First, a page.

My uncle Nigel has been dedicated to his sloe gin, allowing a year for the love affair between berry and liquid to languish. We were willing taste testers. A sweet and sour flavour that’s perfect for sipping. A summery liquor that’s perfect for cutting through the foody layers at the end of a feast, perky enough to wake you up, but less heavy than whiskey. Or Sambucca, which is what my aunt usually favours.

We slept off layers of food, cheese, chocolate, the most delicious (if very sweet) white wine (Vouvray) I’ve ever had, in this beautiful little room decorated with Laura Ashley wallpaper.

In the morning we ate scrambled egg with home-made bread and home-made plum jam. I love that my family doesn’t so much as bat an eyelid when I pile butter on my toast so thickly it looks like cheese, then spread gooey jam on top, before spooning on buttery egg and then crushing salt in my fingers over the top. Hello heart attack.

All the greedy consuming filled me and The Boy with enough energy for a 12 mile run. I dragged the big sister along for the first 3 miles, am impressive effort, as she hasn’t run in yonks.

We ran along to Felixstow Docks, through bridle paths, along the coastal rocks, bumped into a 12 week old husky puppy, along county roads and past prickly brambles. It was forgiving on the knees to run on squishy grass for a change, but you had to have your wits about you – knots of craggy grass and protuding branches make for easy injuries. I nearly went down on some rough gravel while ogling a gigantic farm-house.

Before heading home from Manningtree, we feasted on fresh squid, hand-cut chips and a side of Suffolk samphire from The Mistly Thorn. Super staff, a wonderful menu and killer puddings (bourbon and pecan tart anyone?) Deelicious.

While waiting for the train, we admired the gorgeous gold-painted table in the station waiting room and were disappointed that the station bar was closed, as a whisky would have been the perfect antidote to the wind that had whipped up outside.

Highlights of the weekend include snuggling with Mr Chunks – the gorgeous British Blue addition to the St Johnston family household. Listening to live renditions of Sunslide. Lots of laughter with family over garden-fresh food and way too much alcohol. Can it be a bank holiday every weekend please?

Mr Chunks

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Nike Women’s Ultimatum Rucksack

I’m a lady of bags. Better than saying I’m a bag lady right? But the reality is essentially the same. No matter how hard I try I always seem to be juggling a bulging handbag, gym bag, an extra shopper for my Tupperware and balancing a bike helmet/jacket/coffee on top. Lugging around various baggage stresses me out, but I rarely seem able to travel light.

This week I’ve been testing out the Nike Women’s Ultimatum Backpack. The last time I had a rucksack (aside from a giant backpack on travels abroad) was at school. Even then I opted for a rainbow striped canvas one as opposed to a sturdy, multi-functioning kids one.

I’ve never really been one for a jack-of-all-trades, zip-tastic, sport-style rucksack. But the pink and purple upper of the Ultimatum caught my eye, so I throw caution to the wind and unloaded my life into it’s many compartments.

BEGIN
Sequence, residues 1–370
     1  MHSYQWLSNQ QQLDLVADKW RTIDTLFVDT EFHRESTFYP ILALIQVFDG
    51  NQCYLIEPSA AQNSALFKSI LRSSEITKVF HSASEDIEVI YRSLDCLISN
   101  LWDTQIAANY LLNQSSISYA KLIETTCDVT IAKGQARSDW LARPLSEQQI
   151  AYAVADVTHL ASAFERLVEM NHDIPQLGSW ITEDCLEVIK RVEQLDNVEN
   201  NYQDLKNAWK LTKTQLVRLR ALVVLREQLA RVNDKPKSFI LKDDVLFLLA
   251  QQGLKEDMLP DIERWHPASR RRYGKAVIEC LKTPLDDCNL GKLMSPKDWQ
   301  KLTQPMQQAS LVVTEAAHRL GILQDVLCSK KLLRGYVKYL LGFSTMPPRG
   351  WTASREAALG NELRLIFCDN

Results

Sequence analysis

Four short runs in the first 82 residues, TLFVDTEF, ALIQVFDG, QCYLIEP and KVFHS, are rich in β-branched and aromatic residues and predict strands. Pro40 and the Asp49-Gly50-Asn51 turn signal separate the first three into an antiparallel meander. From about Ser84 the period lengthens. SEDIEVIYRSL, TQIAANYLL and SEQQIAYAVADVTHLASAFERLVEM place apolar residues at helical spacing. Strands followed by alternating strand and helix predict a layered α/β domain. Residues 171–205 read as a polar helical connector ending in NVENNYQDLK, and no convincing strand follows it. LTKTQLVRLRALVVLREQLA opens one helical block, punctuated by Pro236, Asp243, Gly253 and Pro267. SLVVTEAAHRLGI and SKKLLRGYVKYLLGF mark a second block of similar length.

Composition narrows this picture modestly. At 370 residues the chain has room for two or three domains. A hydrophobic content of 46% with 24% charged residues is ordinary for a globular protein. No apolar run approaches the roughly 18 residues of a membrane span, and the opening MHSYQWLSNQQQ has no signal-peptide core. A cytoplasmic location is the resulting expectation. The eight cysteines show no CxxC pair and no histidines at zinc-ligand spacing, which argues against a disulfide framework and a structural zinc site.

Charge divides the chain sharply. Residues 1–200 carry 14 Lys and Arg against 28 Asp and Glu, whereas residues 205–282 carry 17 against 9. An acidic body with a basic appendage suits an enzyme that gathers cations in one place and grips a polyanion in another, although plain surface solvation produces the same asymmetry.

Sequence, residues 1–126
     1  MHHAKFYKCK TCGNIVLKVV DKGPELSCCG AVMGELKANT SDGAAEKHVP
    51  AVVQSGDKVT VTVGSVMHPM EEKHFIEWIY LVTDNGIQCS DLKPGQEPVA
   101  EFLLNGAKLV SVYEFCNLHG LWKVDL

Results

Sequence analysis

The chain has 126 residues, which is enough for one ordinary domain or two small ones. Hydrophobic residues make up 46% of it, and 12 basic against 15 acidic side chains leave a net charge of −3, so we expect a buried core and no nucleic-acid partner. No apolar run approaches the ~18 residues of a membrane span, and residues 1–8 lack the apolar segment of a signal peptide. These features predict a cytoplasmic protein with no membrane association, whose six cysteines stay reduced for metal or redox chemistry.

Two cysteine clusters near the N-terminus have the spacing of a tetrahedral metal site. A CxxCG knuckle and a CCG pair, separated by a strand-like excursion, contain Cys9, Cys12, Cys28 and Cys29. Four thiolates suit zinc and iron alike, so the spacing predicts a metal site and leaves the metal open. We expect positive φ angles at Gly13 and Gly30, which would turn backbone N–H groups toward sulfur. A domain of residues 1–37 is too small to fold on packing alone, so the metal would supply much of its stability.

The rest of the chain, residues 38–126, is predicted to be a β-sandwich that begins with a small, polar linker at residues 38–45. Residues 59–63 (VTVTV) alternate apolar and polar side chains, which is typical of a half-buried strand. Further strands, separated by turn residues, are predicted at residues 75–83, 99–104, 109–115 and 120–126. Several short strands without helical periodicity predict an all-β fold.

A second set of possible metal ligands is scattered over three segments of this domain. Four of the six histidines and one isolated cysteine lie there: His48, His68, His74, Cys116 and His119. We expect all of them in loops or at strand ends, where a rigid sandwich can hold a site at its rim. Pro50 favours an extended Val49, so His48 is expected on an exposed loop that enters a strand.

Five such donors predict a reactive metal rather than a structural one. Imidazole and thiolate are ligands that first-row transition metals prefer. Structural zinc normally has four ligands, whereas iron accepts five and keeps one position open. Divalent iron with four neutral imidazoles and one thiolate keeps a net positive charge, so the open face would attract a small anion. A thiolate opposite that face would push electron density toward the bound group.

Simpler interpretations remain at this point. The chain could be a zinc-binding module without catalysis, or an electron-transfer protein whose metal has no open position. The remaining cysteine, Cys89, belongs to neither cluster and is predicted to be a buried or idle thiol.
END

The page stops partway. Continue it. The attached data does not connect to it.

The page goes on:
The rucksack is a triumph for people who like their belongings to have specific homes. There are sections galore, all illustrated with dinky symbols to let you know what is intended as cargo. My favourite bits are the foil-lined area for food and drink (or as I discovered – lipstick on a hot day), the velveteen section for jewellery, the ventilated compartment for trainers and the reinforced pocket for a laptop. Handy with a capital H.

I managed to consolidate the contents of my daily life into this perky rucksack with ease. I enjoyed knowing exactly where my keys and phone were each time I wanted them – rather than aimlessly rummaging around, feeling for the familar shape of something in the depths of my overflowing handbag. And when walking between meetings it felt amazing to be able to talk on the phone, sip a hot drink or just wave randomly at people (doesn’t everyone?) without fear of dropping my stack of belongings.

I wore it on my back when cycling and the thick, padded straps felt comfortable even over a thin tshirt. But given the option I’d still cycle with it in my basket, as I found wearing it on my back it made me pretty sweaty – in this muggy weather at least.

In the bag …
Lots of handy compartments • Foil compartment for storing handy things like chocolate • Waterproof • Comfy and so far as backpacks go, cute.

Out of the bag …
Encourages me to pack extra things ‘just incase’ • Chocolate in a gym bag – the irony is not lost on me. A small drink/gel could be stored here too, but too tiny for lunch. Unless you’re Nicole Richie. • It’s still a rucksack at the end of the day – as snazzy as it is, It won’t be coming with me to fashion week.
£65

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Harissa Carrot Salad

The rain seems to be having a positive effect on the roof garden. The little pots are now overflowing with green foliage. We’ve accidentally broken the padlock that gives access to the roof, so getting out there now involves climbing out of the skylight in the attic. Both things together mean the vegetables have been left to their own devices for the past week.

We nipped out yesterday morning to pull up some crops and it seems that leaving them alone to guzzle water has given a prize-winning harvest. Obese carrots, plump spring onions and chubby tomatoes were the fruits of no labour.

The carrots were turned into a delicious Eastern inspired dish that goes deliciously with grilled lamb, roasted courgette topped with grated parmesan and a dollop of tzastiki. I don’t have a name for the dish but I’m going to call it Harissa Carrot.

How to make Harissa Carrot Salad

• Whole garden carrots, boiled until just soft

• A pinch of cinnamon, salt and pepper and cumin

• Four cloves of roughly chopped garlic

• A healthy smattering of harrisa or red chilli if you have none

• Pulp the carrots, throw in everything else and stir/mash with a fork

• Drizzle with olive oil, a generous squeeze of lemon and a drop of rose water

Garnish with fresh mint if you fancy. Crumbling feta over the top makes a nice alternative too – taking it from a side dish to a main event.